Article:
Commutes have gotten longer in the past five years, reversing a ten-year tend in which they got shorter. So says the Washington Post based on the latest American Community Survey and Gallup polling data.
Even more discouraging for anyone hoping for less congestion, less gasoline consumption, fewer CO2 emissions and better public health, extreme commuting of 90 minutes are more is increasingly the most rapidly of all (by 8% in 2015 compared to the year before) while the shortest commutes (less than five minutes) actually declined 2%.
The Washington Post data is national, and we cannot assume that the same trends are being replicated here in Virginia. In a cursory search this morning, I could not find long-term trend numbers for Vehicle Miles Traveled (VMT) in the Old Dominion but Virginia Department of Transportation data indicates that inhabitants drove 2.0% more in 2015 than in 2014 — 226.4 million miles. One year may or may not mark a trend.
If there’s any consolation in the numbers, it’s that telecommuting continues what seems to be a slow, steady rise. This trend does not seem be correlated, however, with length of commutes or vehicle miles traveled. Instead, the persistence of the trend probably reflects continued improvements to technology, increased deployment of broadband and growing acceptance of telecommuting in the workplace.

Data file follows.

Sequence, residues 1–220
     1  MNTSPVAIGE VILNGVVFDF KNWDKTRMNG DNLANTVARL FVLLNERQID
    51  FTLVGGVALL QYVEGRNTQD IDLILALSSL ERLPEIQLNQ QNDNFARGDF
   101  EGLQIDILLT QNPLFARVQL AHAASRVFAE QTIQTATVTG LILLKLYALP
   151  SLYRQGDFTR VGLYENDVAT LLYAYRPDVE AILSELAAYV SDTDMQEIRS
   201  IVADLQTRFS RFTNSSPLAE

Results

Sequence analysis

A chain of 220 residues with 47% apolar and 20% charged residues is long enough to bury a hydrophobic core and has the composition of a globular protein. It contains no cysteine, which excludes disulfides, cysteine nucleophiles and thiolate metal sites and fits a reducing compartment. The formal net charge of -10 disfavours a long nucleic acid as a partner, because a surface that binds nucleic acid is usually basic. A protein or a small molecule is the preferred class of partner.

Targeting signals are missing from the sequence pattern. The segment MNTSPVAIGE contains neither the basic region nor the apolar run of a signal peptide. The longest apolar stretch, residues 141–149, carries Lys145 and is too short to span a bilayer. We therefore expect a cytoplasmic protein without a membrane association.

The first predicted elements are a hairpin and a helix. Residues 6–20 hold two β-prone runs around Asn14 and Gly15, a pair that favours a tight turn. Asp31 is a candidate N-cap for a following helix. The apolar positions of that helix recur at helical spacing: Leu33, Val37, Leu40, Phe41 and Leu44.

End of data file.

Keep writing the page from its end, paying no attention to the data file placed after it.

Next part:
Longer commutes were not supposed to happen. Cities were revitalizing, suburbs were urbanizing, Millennials were shunning automobiles, developers were building more walkable communities, and states were investing in mass transit. But commuting defied expectations. The American people have confounded the experts and pundits (including me).
The Washington Post quotes Brookings Institution researcher Adie Tomer as saying suggesting that jobs are de-densifying, forcing people to drive longer distances, and suburban jurisdictions continue to develop low-density housing. Assuming that analysis is correct, the question is why. Frankly, I haven’t been following the urban-development blogs like I used to, so I don’t know what spin the Smart Growth people are putting on the data. And, sadly, no one in Virginia seems to be taking much notice.
Update: I corrected the percentage increase for Vehicle Miles Traveled in Virginia between 2014 and 2015. The correct percentage increase is 2%. Hat tip to alert reader Carol Bova.There are currently no comments highlighted.